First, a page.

80. Mullá Muhammad-Ján,
81. Masíh, the brother of Mullá Muhammad-Ján,
82. Ita-Bábá,
83. Yúsúf,
84. Fadlu’lláh,
85. Bábá,
86. Safi-Qulí,
87. Nizám,
88. Rúhu’lláh,
89. ‘Alí-Qulí, 421
90. Sultán,
91. Ja’far,
92. Khalíl.
Of the believers of Savád-Kúh, the five following names have thus far been ascertained:
93. Karbilá’í Qambar-Kalish,
94. Mullá Nad-‘Alíy-i-Mutavallí,
95. ‘Abdu’l-Haqq,
96. Itabaki-Chúpán,
97. Son of Itabaki-Chúpán.
From the town of Ardistán, the following have suffered martyrdom:
98. Mírzá ‘Alí-Muhammad, son of Mírzá Muhammad-Sa’íd,
99. Mírzá ‘Abdu’-Vasí, son of Hájí ‘Abdu’l-Vahháb,
100. Muhammad-Husayn, son of Hájí Muhammad-Sádiq,
101. Muhammad-Mihdí, son of Hájí Muhammad-Ibráhím,
102. Mírzá Ahmad, son of Muhsin,
103. Mírzá Muhammad, son of Mír Muhammad-Taqí.
From the city of Isfahán, thirty have thus far been recorded:
104. Mullá Ja’far, the sifter of wheat, whose name has been mentioned by the Báb in the Persian Bayán.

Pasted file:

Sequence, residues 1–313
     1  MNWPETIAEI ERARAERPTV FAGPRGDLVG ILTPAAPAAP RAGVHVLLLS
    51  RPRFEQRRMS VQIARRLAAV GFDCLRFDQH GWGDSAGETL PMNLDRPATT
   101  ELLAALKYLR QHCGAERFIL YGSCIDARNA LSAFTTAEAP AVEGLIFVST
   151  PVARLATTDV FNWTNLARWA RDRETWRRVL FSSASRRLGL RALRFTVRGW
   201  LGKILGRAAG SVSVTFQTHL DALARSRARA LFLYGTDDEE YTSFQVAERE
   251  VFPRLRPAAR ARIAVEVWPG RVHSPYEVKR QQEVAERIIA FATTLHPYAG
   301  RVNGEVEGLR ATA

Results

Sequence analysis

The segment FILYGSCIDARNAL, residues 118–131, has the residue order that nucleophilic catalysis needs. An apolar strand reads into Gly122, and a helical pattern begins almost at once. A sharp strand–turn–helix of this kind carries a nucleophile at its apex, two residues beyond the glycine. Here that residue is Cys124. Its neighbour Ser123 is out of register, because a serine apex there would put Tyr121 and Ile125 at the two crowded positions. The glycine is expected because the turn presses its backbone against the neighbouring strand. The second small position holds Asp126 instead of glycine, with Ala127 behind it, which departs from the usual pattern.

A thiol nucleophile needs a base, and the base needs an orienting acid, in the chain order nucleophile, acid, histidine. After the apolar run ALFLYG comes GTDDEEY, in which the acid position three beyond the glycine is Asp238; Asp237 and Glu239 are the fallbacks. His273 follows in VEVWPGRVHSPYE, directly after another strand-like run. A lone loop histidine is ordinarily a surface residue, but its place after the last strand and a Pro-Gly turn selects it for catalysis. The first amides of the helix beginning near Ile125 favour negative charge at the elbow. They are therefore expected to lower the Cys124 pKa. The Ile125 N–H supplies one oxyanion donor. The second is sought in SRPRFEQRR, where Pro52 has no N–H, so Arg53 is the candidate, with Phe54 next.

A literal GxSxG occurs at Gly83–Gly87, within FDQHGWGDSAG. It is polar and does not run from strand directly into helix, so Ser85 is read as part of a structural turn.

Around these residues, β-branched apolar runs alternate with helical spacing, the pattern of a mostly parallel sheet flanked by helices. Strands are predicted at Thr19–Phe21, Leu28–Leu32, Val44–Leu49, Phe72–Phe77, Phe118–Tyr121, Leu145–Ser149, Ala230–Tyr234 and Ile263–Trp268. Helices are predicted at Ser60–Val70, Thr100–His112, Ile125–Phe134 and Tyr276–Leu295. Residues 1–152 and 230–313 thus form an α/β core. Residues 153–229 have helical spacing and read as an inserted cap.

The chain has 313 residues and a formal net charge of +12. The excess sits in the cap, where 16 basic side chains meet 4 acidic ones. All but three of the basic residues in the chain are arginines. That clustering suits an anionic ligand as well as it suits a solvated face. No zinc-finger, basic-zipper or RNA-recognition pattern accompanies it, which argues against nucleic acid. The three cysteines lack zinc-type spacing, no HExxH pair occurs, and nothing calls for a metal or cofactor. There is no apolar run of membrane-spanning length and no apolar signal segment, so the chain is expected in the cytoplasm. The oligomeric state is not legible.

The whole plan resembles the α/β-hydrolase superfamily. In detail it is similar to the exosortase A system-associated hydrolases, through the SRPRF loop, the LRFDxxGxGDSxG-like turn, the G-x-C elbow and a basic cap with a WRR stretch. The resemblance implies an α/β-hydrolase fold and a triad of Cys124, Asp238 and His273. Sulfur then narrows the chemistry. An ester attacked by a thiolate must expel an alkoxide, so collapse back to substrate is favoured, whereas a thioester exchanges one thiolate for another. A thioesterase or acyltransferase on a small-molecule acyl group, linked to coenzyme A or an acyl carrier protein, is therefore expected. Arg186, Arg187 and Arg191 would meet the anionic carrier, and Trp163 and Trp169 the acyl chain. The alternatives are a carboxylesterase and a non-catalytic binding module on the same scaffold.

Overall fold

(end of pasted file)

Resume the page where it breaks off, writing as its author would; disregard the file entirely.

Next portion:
105. Ustád Áqá, surnamed Buzurg-Banná,
106. Ustád Hasan, son of Ustád Áqá,
107. Ustád Muhammad, son of Ustád Áqá,
108. Muhammad-Husayn, son of Ustád Áqá, whose younger brother Ustád Ja’far was sold several times by his enemies until he reached his native city, where he now resides.
109. Ustád Qurban-‘Alíy-i-Banná,
110. ‘Alí-Akbar, son of Ustád Qurban-‘Alíy-i-Banná,
111. ‘Abdu’lláh, son of Ustád Qurban-‘Ali-i-Banna,
112. Muhammad-i-Báqir-Naqsh, the maternal uncle of Siyyid Yahyá, son of Mírzá Muhammad-‘Alíy-i-Nahrí. He was fourteen years old and was martyred the very night that Mullá Husayn met his death.
113. Mullá Muhammad-Taqí,
114. Mullá Muhammad-Ridá, both brothers of the late ‘Abdu’s-Sálih, the gardener of the Ridván at ‘Akká.
115. Mullá Ahmad-i-Saffar, 422
116. Mullá Husayn-i-Miskar,